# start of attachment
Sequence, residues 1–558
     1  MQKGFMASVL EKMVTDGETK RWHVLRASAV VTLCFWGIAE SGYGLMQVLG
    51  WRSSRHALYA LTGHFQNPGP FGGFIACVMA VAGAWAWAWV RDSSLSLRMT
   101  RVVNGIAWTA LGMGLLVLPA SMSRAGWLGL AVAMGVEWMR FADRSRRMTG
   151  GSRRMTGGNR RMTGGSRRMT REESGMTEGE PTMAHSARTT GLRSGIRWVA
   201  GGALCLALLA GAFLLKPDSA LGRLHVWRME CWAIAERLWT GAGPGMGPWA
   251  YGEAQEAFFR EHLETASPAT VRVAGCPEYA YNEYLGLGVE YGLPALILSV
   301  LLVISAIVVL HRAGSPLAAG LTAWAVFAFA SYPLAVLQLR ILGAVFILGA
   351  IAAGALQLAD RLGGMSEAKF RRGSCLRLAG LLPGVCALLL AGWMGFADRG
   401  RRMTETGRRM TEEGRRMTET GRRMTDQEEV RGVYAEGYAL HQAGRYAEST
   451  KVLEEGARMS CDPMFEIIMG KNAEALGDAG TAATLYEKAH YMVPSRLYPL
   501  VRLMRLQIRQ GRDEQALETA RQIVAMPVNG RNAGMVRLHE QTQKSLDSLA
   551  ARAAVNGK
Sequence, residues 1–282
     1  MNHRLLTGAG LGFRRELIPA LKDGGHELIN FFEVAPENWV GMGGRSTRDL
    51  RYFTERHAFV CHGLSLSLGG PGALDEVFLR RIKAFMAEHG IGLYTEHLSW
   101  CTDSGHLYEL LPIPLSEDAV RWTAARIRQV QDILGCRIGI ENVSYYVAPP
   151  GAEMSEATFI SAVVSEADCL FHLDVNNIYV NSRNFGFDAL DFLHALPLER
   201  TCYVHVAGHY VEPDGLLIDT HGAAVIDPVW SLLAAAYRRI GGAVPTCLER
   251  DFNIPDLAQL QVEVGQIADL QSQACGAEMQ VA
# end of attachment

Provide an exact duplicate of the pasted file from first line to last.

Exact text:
Sequence, residues 1–558
     1  MQKGFMASVL EKMVTDGETK RWHVLRASAV VTLCFWGIAE SGYGLMQVLG
    51  WRSSRHALYA LTGHFQNPGP FGGFIACVMA VAGAWAWAWV RDSSLSLRMT
   101  RVVNGIAWTA LGMGLLVLPA SMSRAGWLGL AVAMGVEWMR FADRSRRMTG
   151  GSRRMTGGNR RMTGGSRRMT REESGMTEGE PTMAHSARTT GLRSGIRWVA
   201  GGALCLALLA GAFLLKPDSA LGRLHVWRME CWAIAERLWT GAGPGMGPWA
   251  YGEAQEAFFR EHLETASPAT VRVAGCPEYA YNEYLGLGVE YGLPALILSV
   301  LLVISAIVVL HRAGSPLAAG LTAWAVFAFA SYPLAVLQLR ILGAVFILGA
   351  IAAGALQLAD RLGGMSEAKF RRGSCLRLAG LLPGVCALLL AGWMGFADRG
   401  RRMTETGRRM TEEGRRMTET GRRMTDQEEV RGVYAEGYAL HQAGRYAEST
   451  KVLEEGARMS CDPMFEIIMG KNAEALGDAG TAATLYEKAH YMVPSRLYPL
   501  VRLMRLQIRQ GRDEQALETA RQIVAMPVNG RNAGMVRLHE QTQKSLDSLA
   551  ARAAVNGK
Sequence, residues 1–282
     1  MNHRLLTGAG LGFRRELIPA LKDGGHELIN FFEVAPENWV GMGGRSTRDL
    51  RYFTERHAFV CHGLSLSLGG PGALDEVFLR RIKAFMAEHG IGLYTEHLSW
   101  CTDSGHLYEL LPIPLSEDAV RWTAARIRQV QDILGCRIGI ENVSYYVAPP
   151  GAEMSEATFI SAVVSEADCL FHLDVNNIYV NSRNFGFDAL DFLHALPLER
   201  TCYVHVAGHY VEPDGLLIDT HGAAVIDPVW SLLAAAYRRI GGAVPTCLER
   251  DFNIPDLAQL QVEVGQIADL QSQACGAEMQ VA